Tribes and Dialects
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Habitat. The Tofalars live north of the East-Sayan Mountains, on a boundless taiga area, on the upper reaches of tributaries of the River Ob, the Uda, the Biryuza, the Kan, the Gutar and the Ia. Administratively, they belong to the Lower-Uda (Nizhne-Udsk) district of the Irkutsk region of the Russian Federation. They are eastern neighbours of the Tuvans.
Population. Data on the Tofalars comes from population censuses:
The decline in the number of native speakers is obviously caused by the corroding influence of the Russian-speaking environment.
Anthropologically, the Tofalars belong to the Mongoloid Central-Asian race. They are of small stature (men 160--164 cm), have dark a skin, dark narrow eyes and somewhat stiff hair. Beards are sometimes worn. Their faces are relatively high and flat, cheekbones are not very prominent, and lips are averagely thick (thin).
The Tofalar (or Tofa) language belongs to the Uighur-Oguz group of the Turkic languages, forming, together with the Tuvinian and ancient Uighur and Oguz languages, the subgroup of Uighur-Tüküi. Phonetical, grammatical and lexical characteristics show Tofalar as being most closely related to the Tuvinian language. Some academics believe that it is in fact a dialect of Tuvinian.
Tofalars have no written language of their own and use Russian. There are two dialects in the Tofalar language: Alygdzher and Gutar.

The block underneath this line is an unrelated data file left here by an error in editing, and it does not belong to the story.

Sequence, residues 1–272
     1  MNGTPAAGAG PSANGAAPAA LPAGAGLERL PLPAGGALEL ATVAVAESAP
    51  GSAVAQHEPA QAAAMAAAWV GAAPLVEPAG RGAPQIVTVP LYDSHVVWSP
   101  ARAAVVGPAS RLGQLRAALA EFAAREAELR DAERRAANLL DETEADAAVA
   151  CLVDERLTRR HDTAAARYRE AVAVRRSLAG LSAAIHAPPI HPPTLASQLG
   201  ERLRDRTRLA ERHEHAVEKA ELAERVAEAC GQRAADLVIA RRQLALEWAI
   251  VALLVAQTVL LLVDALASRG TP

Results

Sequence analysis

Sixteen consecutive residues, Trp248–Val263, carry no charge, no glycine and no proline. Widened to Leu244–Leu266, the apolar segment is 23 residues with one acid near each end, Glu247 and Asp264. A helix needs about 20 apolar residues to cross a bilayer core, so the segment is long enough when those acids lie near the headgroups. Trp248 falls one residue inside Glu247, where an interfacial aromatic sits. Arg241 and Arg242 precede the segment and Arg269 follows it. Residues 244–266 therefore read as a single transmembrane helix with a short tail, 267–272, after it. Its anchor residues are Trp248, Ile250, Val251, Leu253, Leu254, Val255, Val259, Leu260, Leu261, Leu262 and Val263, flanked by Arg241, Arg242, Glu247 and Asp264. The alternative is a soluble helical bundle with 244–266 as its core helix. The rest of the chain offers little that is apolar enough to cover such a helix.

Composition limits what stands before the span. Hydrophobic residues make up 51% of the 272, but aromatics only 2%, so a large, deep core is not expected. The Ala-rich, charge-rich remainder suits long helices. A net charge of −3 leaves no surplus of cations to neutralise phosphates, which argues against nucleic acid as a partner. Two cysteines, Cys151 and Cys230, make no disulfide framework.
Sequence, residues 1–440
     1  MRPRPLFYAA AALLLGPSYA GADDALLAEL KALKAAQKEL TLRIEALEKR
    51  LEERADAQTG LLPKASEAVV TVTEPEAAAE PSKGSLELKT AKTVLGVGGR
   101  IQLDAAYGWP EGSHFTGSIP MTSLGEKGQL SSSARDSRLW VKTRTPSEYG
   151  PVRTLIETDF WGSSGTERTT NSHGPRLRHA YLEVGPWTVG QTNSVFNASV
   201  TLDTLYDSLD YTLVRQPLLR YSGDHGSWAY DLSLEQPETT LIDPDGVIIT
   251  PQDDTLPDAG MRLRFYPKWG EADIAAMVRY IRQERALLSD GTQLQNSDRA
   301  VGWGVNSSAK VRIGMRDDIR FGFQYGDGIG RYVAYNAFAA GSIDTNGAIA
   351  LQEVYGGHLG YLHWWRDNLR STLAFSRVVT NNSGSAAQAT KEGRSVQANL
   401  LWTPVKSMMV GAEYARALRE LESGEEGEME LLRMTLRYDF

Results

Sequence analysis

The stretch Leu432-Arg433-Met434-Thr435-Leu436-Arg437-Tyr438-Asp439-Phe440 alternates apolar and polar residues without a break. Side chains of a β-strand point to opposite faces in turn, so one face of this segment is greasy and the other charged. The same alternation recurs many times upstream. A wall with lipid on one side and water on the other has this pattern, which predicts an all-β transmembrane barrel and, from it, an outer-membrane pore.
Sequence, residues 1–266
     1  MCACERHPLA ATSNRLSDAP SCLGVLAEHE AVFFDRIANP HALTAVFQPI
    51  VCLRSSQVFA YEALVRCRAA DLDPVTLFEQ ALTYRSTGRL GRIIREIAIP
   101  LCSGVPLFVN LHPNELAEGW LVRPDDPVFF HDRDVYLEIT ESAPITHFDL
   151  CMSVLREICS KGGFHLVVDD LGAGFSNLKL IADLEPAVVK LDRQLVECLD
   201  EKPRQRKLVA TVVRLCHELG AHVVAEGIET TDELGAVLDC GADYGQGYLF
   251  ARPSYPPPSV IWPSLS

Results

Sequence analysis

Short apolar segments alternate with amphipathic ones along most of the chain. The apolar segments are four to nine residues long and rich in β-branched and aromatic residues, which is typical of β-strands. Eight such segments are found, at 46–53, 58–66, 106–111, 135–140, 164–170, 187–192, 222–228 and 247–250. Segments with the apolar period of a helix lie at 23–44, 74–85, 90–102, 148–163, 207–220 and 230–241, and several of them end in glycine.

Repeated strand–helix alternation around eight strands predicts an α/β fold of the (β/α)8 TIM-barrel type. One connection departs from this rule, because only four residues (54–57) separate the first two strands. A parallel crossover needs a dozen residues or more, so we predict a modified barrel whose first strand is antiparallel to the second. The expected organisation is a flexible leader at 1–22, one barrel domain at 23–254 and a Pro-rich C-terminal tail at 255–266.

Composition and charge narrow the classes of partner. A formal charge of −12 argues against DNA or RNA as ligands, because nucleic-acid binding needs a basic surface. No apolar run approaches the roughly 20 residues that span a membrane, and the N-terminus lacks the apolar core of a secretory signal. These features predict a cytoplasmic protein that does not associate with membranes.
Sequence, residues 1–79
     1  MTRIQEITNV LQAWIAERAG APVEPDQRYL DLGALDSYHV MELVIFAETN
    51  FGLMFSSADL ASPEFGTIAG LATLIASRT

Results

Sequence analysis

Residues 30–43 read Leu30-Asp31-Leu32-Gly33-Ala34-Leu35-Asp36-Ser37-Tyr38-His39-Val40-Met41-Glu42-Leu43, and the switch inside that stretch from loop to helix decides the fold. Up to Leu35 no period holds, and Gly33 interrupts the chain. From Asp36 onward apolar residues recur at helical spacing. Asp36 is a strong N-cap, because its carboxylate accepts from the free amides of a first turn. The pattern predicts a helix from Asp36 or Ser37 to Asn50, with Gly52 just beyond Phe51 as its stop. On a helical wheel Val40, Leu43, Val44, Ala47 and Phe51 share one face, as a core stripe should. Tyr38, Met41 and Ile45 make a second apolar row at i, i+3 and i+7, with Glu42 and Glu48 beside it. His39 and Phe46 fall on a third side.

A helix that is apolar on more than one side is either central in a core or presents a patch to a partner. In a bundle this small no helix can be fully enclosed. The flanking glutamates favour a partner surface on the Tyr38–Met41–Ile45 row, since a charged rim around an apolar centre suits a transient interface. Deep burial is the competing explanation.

Research into the vocabulary has highlighted different linguistic influences. For instance, there are features of ancient Turkic in the Tofalar language, as well as loan-words and phonetic elements from the Ket language, several hundred loans from medieval Mongolian, some dozens of loans from Buryat, and at least a couple of hundred older loans from Russian. There are also words of unknown origin.
Ethnic origin. The origin and history of the Tofalars has been poorly investigated. They have lived for centuries as nomads of the taiga, north of the Sayan Mountains. In the 18th century, P. S. Pallas and J. G. Georgi regarded the Karagas as a Samoyed people and later it was believed that they had adopted the Turkish-Tartar language learnt from the Tuvans in the 19th century. However, V. Rassadin established (1969) that the ancestors of the Tofalars must have been a Ket-speaking tribe, who in the 6th--8th centuries took the ancient Turkish language and adapted it to their own phonological system. Later there were other influences and they were joined by other tribes (Samoyeds, among others).
History. For centuries Tofalars have lived as nomads. They have mostly had contacts with the eastern Tuvans. The two nations have much in common in their way of life and in their fate. However, the Tofalars were drawn into the Russian sphere of influence much earlier. In 1648, the Russians founded the fortified settlement of Udinsk and subsequently, the Tofalars became another people destined to appease the Russians' unquenchable appetite for furs. A fixed amount of sables was required as tribute per head of every gunbearer (aged 16--60), though often the quantities were arbitrarily increased. In 1889, for example, tribute was demanded for 248 gunners, although there were only 103 hunters.